Today we’ll take a quick look at one of my favorite gems: interactive_editor. Have you ever been in a REPL session (rails console, irb, pry, etc.) and wished that you could pop open a full editor to write out some code? (Ok, maybe not you pry users.) Well interactive_editor is a gem that gives you just that, as well as some really nice object inspection and manipulation.
# ok, we're in irb and want to write up a class to test an idea > class Magic > def initialize > # crap! forgot arguments > end > end > class Magic > def initialize(name) > @name = name > # crap! spell would be a better name > end > end > class Spell > # yeah, you get the idea and have probably been here > end
So that’s a pain. The usual alternative is to pop over to an editor and prototype out the code there, but that’s getting less fun. Sure you can execute ruby code from just about any editor and see the results, but you’re limited to what you explicitly print out. You lose the ability to play with your objects directly.
Wouldn’t it be nice if you could just integrate your editor of choice into your REPL of choice?
$ gem install interactive_editor
> require 'interactive_editor' > vim
What you’d see next is my full vim open up a temporary file. It’s not a pseudo vim, not a generic vim, it’s my vim with my theme, plugins, and configuration.
You aren’t limited to vim either! Out of the box it supports a bunch of editors like TextMate and emacs. You can also configure any editor that you can launch from the command line, you just have it set it up.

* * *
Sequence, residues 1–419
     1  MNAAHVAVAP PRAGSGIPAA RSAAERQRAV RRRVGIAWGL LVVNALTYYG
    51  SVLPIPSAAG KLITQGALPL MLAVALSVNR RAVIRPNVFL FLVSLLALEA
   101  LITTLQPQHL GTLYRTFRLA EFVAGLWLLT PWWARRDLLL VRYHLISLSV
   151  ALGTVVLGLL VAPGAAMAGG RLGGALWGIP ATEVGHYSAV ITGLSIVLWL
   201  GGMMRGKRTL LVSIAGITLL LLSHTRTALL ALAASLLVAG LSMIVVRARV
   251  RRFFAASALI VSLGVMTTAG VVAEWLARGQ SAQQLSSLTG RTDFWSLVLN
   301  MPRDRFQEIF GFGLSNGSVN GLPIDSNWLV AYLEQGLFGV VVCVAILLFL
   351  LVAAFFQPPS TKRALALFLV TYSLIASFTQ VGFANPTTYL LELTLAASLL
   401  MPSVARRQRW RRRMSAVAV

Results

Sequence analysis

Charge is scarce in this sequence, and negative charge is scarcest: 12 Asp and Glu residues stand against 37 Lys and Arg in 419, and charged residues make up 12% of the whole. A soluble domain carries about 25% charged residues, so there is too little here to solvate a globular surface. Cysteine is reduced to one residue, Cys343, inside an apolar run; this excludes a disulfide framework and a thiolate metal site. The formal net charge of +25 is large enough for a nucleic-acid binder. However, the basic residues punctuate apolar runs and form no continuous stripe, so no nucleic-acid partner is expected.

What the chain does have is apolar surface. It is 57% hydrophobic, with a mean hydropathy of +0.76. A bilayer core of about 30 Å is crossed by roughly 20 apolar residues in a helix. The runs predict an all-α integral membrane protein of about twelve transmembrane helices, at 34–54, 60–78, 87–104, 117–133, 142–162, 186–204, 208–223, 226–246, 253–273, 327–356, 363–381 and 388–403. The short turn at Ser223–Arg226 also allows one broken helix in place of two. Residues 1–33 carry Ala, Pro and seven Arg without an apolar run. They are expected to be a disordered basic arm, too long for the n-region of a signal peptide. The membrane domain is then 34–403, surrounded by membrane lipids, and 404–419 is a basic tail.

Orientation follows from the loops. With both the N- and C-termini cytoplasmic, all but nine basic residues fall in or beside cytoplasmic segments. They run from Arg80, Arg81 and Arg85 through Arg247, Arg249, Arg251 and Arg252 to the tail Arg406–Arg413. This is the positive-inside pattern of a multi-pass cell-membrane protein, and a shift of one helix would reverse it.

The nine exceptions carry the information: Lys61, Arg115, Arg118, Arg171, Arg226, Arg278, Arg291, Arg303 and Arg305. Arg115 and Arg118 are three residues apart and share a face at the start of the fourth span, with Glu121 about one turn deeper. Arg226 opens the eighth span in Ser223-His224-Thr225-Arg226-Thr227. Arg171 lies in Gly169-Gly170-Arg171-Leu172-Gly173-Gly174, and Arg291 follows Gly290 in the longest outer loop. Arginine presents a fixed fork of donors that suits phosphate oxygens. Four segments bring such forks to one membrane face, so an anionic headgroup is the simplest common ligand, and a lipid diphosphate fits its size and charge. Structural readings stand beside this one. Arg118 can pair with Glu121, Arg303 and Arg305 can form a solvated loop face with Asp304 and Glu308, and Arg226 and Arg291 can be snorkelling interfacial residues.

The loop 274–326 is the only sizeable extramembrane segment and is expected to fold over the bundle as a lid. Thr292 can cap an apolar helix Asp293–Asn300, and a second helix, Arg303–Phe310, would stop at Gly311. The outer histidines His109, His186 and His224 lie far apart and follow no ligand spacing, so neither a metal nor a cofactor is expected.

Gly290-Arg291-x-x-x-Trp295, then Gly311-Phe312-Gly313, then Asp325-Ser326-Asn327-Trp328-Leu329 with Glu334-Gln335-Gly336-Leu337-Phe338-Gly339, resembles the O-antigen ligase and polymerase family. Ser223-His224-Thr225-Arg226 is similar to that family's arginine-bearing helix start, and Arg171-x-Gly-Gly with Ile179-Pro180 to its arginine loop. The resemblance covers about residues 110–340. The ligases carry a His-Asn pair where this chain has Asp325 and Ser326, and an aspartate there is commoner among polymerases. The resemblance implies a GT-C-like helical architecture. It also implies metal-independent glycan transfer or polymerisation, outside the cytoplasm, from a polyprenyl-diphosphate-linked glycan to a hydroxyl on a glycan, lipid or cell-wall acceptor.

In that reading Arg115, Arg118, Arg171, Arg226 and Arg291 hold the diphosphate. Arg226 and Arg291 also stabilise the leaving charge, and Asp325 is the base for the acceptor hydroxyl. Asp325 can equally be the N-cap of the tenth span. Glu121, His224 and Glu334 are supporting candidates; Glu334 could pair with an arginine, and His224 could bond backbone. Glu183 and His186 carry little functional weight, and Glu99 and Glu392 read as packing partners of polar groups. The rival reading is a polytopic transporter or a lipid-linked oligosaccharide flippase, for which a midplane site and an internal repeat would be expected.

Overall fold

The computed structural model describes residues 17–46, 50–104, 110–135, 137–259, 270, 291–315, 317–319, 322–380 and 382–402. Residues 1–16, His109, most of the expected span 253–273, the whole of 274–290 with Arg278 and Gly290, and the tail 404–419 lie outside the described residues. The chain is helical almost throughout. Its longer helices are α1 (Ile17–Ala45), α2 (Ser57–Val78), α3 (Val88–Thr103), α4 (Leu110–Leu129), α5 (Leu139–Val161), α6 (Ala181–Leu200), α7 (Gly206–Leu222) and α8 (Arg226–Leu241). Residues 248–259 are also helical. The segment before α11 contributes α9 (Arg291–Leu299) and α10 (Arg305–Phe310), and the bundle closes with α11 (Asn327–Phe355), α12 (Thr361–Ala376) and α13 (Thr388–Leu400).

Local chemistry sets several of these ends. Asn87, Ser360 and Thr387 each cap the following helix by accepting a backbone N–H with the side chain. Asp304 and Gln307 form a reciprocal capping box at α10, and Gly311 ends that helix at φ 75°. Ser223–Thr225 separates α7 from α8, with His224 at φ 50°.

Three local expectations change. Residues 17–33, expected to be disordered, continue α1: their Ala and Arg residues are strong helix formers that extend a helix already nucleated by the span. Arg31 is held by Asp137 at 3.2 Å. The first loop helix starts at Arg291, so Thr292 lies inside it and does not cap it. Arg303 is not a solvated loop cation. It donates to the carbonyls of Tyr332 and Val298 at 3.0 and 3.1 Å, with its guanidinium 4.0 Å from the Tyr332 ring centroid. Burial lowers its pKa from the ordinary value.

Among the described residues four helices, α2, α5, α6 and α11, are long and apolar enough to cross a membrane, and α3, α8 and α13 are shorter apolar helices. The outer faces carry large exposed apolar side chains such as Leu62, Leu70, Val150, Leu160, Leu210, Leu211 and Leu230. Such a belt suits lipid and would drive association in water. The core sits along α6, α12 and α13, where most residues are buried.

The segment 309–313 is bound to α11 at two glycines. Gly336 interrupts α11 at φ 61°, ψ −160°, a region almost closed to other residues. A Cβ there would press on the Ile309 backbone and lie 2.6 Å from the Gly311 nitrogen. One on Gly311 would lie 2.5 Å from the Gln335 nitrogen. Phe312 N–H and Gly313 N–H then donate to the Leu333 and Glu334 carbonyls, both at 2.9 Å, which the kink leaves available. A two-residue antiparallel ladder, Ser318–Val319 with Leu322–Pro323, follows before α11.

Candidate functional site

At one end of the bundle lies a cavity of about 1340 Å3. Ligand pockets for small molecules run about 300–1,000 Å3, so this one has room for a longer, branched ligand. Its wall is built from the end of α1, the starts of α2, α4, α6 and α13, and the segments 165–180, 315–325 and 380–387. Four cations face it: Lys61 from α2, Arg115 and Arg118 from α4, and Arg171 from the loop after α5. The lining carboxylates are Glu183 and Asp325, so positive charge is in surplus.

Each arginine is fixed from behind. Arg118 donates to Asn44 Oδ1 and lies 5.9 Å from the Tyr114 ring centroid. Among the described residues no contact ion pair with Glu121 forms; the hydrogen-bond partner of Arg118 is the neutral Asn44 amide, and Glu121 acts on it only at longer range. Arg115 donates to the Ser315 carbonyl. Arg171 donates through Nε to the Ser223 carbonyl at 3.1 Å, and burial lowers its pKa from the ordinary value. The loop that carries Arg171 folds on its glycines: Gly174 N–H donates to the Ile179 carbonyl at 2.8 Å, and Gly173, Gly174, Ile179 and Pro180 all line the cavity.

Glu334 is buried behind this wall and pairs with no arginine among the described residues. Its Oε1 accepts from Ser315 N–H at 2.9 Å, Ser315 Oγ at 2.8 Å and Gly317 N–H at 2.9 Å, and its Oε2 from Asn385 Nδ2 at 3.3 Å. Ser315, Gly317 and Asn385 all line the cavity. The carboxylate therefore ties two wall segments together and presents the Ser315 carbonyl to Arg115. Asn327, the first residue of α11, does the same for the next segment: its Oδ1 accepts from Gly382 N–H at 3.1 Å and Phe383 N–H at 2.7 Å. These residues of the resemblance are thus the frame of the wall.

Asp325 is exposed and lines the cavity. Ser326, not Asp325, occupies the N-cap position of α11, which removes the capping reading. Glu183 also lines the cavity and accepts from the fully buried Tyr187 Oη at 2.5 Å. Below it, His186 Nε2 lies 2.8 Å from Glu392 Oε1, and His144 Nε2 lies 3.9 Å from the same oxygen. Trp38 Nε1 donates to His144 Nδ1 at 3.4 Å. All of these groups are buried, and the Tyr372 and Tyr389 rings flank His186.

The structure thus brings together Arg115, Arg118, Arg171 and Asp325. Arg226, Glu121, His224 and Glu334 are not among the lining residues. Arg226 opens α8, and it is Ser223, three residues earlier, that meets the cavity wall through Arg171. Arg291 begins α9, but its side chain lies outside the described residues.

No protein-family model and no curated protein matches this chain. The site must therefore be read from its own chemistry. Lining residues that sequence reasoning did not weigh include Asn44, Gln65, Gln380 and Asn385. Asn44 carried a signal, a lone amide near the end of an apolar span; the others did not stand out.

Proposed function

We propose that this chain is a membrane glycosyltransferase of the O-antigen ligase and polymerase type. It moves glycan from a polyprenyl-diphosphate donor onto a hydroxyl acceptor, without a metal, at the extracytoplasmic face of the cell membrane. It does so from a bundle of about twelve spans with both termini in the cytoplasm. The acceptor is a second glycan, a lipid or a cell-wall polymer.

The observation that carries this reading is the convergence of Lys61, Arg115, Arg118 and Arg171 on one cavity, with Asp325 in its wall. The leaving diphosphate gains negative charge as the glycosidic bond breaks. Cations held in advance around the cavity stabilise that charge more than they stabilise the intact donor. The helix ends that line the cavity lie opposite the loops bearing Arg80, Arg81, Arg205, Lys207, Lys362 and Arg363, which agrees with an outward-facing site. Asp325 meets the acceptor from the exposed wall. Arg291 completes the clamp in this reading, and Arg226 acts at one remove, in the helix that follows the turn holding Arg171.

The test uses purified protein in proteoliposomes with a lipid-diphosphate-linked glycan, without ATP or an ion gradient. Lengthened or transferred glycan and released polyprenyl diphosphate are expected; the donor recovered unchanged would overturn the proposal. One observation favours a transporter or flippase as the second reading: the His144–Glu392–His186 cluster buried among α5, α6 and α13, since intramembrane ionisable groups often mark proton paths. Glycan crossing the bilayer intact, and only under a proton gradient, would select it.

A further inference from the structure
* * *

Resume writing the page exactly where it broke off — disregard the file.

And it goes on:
Any code you enter into the editor session is executed in the irb session when you save and quit.
If you type “vim” again, it reopens that same temporary file. Perfect for editing a class over and over again until things work as you want them to.
Because ruby is ruby, if you edit a class in the vim session even objects you’ve instantiated will get the updated code.
But we’re not limited to writing new code. interactive_editor also adds methods to Object that will launch any of its configured editors. Calling that method will open any object in YAML representation. You can even edit the YAML and when you save/quit your editor it will be written back out just as if you had manually typed in all the YAML in the console.
> vim class Spell attr_reader :name def initialize(name) @name = name end def cast name.reverse.upcase end end > spell = Spell.new('frotz') #<Spell:0x007fef2b05bde8 @name="frotz"> > spell = spell.vim # remember, the output is executed so we need to save it
--- !ruby/object:Spell name: frotz
Change that to:
--- !ruby/object:Spell name: nitfol
> spell.name "nitfol"
Amazing! This is particularly handy for inspecting complicated Rails models. Unfortunately for that it only works well if you aren’t using sqlite because the YAML representation of a sqlite model doesn’t show column names.
If you use this YAML editing trick to change a Rails model, you need to know a trick. Because you’ve edited the model data directly and bypassed the Rails updating methods, Rails doesn’t consider anything in the model to be changed. You need to flag specific fields to update with the
> t = Todo.first > t = t.vim # let's say you edit the "task" field
--- !ruby/object:Todo attributes: id: 1 task: show off interactive_editor description: https://github.com/jberkel/interactive_editor complete: true due_at: 2013-01-04 created_at: 2013-01-04 18:01:59.987189000 Z updated_at: 2013-01-04 18:01:59.987189000 Z
> t.save # does nothing > t.task_will_change! > t.save # saves the new task field
Intrigued? Interested? I hope so. interactive_editor is one of my favorite tips. I have my .irbrc configured to automatically load it so I can just get going easily on any code prototyping or introspection that I care to tackle.